But what frustrates Becker most is that she feels going to college and taking on debt was never a real choice in the first place.
“Was college worth it? The answer is yes,” she says. “It’s certainly more beneficial to have a degree than not to have a degree. You kind of have to go to college. A college professor once said that the four-year bachelor’s degree is the equivalent of a high school degree now.
“In our parents’ generation, there were entry-level jobs where you could have a comfortable life with a single income — that doesn’t exist any more.”
Paying down $200,000: “It was all-consuming”
Jeffrey Street, 33, graduated from the University of Tennessee in 2009 and still remembers how hard it was to find a job. “The job market was so bad,” he says. “I was working for the City of Knoxville Parks and Recreation department in undergrad, and my job prospect for after graduation was to keep working for the Department of Parks and Recreation. I knew I wanted to do something different.”
Street chose to attend law school at the University of Idaho, where he met his future wife, Shannon. When they graduated in 2012, the pair owed nearly $200,000 in student debt.
Shannon owed $17,125 from her undergraduate degree and $87,058 from her law degree. Street had no loans from his bachelor’s but owed over $92,000 from law school.
“I remember thinking to myself that if I was very proactive in paying it off when I got out of law school, then maybe the debt wouldn’t be so bad,” he says. “But the average interest rate on our loans was about 6.5%. It was about $1,000 of interest per month.”
Even after the couple passed the Bar Exam in 2013, they still struggled to find work. “I was literally putting in job applications to any job that I could get,” he says.
Street eventually took a job stocking shelves at Target from 3 a.m. to 10 a.m. so he could network and apply for legal jobs during the day. He says he would keep his suit in his car and change into it in a 7-Eleven bathroom before interviews. Shannon took a job in the framing department of a local Michael’s.
Eventually, Street landed his first legal job in Grand Junction, Colorado, where he earned $36,000. The couple later moved to the Dallas-Fort Worth, Texas, area for better jobs and slowly began making progress on their loans.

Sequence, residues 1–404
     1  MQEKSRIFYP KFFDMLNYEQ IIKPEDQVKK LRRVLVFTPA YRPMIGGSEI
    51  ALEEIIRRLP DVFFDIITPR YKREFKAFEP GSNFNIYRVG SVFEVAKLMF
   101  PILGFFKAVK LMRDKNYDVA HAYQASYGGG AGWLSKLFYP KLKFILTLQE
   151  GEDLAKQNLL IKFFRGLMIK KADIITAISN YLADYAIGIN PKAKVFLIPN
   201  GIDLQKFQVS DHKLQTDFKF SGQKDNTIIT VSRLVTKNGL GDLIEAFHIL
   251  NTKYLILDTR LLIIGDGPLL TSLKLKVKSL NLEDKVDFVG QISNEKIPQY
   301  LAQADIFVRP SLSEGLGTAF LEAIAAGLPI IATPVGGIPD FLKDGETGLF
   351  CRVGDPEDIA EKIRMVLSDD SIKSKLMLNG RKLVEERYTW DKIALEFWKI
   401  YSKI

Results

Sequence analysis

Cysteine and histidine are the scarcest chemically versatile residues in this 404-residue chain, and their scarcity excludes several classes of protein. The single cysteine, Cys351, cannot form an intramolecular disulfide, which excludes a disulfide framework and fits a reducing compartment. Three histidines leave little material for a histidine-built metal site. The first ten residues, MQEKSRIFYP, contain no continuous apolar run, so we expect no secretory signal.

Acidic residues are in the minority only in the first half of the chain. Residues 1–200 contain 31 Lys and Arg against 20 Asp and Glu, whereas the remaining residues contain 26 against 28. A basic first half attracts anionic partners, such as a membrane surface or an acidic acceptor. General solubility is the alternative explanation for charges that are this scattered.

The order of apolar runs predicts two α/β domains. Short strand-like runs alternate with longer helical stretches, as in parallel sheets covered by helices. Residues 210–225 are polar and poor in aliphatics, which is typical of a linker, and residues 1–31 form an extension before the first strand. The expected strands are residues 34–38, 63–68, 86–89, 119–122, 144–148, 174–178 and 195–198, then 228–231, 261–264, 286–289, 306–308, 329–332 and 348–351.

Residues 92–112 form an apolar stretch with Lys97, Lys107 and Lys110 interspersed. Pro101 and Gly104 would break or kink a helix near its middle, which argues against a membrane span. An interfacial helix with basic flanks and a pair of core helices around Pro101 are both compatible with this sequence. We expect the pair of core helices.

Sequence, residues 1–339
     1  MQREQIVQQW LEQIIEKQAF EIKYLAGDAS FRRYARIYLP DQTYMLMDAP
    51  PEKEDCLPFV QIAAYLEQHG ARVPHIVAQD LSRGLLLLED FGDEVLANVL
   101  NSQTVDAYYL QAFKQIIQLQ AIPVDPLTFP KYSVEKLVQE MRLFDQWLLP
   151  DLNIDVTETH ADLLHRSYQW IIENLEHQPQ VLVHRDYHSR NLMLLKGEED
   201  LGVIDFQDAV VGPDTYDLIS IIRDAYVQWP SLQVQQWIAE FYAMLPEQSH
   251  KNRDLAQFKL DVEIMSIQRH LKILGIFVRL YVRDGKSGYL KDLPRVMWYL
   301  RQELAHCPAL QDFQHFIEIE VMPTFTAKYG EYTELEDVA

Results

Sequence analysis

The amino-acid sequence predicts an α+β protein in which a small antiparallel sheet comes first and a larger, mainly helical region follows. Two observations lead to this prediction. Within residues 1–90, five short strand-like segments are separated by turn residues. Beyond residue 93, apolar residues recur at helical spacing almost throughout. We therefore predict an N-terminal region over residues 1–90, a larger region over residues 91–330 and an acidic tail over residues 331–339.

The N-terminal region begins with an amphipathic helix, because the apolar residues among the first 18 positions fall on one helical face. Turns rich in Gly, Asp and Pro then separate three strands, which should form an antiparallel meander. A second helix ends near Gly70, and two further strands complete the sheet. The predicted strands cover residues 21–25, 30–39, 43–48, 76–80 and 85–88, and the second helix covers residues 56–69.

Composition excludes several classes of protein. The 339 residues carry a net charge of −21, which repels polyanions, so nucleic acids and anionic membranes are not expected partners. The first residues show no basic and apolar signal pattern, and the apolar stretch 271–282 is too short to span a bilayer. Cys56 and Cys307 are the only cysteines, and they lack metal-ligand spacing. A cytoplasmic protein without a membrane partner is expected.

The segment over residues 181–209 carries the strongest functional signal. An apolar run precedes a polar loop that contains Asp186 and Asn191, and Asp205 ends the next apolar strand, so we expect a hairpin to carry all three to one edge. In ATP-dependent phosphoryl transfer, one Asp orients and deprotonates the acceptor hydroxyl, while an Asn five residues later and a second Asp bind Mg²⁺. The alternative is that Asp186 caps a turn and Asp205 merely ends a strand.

“Everything we thought about was student loans. It was all-consuming,” he says. “We poured every extra dollar into our student loans. We did not vacation. We did not buy a new TV. (In fact we still have our TV from law school). We took secondhand furniture and clothes when offered. We just saved and saved.”
Street says he and his wife put off having children for six years and did not attend friends’ weddings because of their student loans.
Today, Street has $27,630 left in student debt and his wife owes $6,820. They now live in Boise, Idaho, have two young children and feel repayment is finally in sight. Street has even begun putting away money in a 529 fund so his kids “do not have to deal with the same burden.”
And while Street says earning his law degree was necessary for him to become an attorney and is proud to have made such progress on his debt, both he and Becker say they support some kind of student debt relief — and addressing the cycle of student debt — for future generations.
“You can’t accuse me of wanting someone else to take accountability for my student loans. I’ve paid my debts and I’m going to finish,” he says. “But I went through it, and I can tell you the student debt process was not worth it.
“I wouldn’t wish the student debt experience on anyone.”